On the Climatological Aspects of Explosive Cyclones Over the Western North Pacific and East Asia Coastal Areas

Abstract

Twice daily synoptic charts at surface, 850, 700 and 500 hPa and mean sea surface temperature maps for the winter season as well as each month were used to study the climatological aspects of explosive cyclones over the western North Pacific and East Asia coastal areas in the September-April periods of 1974-1984. Geographical distribution of frequency, interannual and seasonal variations of frequency and frequency distribution of different intensities of explosive cyclones were analyzed. The relationships of cyclones to a 500 hPa trough, lower-tropospheric baroclinity and sea surface temperature gradients were studied at the formation and explosive stages.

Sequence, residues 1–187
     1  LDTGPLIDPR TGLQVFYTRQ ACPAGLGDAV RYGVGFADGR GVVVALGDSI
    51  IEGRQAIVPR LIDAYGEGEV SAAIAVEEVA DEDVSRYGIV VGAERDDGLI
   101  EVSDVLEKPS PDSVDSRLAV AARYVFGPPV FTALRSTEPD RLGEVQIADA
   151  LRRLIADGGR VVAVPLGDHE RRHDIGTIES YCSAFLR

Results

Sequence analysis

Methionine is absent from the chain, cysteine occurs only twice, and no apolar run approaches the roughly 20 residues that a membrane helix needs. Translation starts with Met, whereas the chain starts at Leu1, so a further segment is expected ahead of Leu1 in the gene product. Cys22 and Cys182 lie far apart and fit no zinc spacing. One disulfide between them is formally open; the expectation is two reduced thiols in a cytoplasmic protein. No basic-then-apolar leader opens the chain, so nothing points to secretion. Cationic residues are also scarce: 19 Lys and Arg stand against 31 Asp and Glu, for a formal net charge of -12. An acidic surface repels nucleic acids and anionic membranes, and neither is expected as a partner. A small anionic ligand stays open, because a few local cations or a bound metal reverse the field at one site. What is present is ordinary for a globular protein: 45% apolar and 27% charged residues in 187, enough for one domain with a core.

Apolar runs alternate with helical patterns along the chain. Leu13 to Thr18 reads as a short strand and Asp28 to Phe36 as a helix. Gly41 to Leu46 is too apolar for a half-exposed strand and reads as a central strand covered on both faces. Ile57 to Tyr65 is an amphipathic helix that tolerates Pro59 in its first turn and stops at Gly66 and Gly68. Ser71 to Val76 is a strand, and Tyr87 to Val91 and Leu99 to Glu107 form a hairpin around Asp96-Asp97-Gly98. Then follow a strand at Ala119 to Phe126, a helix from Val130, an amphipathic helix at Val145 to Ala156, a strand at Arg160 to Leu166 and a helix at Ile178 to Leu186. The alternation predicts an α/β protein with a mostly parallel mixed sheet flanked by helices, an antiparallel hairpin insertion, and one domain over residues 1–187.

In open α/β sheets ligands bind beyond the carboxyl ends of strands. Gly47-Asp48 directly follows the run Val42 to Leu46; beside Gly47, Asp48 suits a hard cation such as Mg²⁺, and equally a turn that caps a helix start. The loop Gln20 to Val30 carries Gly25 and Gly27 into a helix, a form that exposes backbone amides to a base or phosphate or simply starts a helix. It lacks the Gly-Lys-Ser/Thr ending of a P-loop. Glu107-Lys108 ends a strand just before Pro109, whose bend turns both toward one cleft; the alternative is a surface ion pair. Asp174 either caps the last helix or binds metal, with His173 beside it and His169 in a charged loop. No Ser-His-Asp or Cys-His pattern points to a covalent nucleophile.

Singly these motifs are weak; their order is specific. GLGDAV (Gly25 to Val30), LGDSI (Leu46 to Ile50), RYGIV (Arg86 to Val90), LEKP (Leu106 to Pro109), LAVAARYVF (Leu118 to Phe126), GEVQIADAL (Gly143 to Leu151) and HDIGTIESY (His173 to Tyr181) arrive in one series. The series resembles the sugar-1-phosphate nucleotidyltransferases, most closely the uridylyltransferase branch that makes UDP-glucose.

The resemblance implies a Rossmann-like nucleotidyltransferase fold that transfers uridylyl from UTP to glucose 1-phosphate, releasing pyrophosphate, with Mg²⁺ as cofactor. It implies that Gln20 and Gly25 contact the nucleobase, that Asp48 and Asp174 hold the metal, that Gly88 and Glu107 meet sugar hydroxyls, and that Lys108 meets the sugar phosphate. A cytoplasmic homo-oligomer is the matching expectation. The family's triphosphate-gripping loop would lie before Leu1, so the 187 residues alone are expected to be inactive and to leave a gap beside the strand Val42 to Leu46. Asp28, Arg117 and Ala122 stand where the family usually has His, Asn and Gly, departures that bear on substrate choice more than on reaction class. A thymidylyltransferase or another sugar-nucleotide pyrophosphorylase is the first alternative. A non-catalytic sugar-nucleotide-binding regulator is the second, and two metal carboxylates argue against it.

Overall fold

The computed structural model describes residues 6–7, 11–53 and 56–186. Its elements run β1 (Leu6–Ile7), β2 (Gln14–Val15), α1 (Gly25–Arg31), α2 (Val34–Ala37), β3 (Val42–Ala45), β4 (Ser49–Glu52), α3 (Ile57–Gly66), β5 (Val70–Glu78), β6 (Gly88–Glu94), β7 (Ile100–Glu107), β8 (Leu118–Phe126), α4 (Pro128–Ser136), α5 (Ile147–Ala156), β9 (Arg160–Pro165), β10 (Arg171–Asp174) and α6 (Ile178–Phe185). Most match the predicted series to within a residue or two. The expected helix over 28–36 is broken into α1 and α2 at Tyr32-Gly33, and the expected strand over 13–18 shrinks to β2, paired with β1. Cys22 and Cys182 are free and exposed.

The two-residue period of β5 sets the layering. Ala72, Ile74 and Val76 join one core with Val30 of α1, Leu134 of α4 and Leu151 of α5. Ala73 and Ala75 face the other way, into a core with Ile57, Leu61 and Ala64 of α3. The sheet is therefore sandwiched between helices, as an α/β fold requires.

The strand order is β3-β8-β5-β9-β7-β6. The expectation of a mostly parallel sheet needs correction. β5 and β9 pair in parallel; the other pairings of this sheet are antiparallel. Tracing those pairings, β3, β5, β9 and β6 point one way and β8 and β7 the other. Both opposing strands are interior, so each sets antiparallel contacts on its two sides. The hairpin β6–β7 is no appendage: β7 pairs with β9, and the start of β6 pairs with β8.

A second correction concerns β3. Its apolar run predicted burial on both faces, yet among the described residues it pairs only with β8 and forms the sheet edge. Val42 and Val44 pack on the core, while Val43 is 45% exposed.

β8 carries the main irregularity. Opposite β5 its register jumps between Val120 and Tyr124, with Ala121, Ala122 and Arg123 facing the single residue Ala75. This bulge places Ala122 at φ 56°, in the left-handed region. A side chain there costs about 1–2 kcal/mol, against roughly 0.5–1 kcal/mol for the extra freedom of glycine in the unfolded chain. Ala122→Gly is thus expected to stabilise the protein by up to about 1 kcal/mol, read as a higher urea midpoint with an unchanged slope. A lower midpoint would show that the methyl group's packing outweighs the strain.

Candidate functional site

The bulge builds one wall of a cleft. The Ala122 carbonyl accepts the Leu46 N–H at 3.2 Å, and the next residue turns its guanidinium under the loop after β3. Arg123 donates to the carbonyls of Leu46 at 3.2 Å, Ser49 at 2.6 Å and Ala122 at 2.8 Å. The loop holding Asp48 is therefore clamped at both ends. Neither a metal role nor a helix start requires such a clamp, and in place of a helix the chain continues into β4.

It was found that explosive cyclones tended to form and to deepen rapidly along the shoreward edge of the warm Kuroshio current over the area of the maximum SST gradient. They also frequently formed and deepened rapidly about 700-800 km ahead of the 500 hPa trough. Results suggest that the flux of sensible heat and latent heat from the warm ocean surface and latent heating over the cyclone area in addition to the baroclinic process may have had positive effects on the formation and rapid deepening of explosive cyclones over the western North Pacific.

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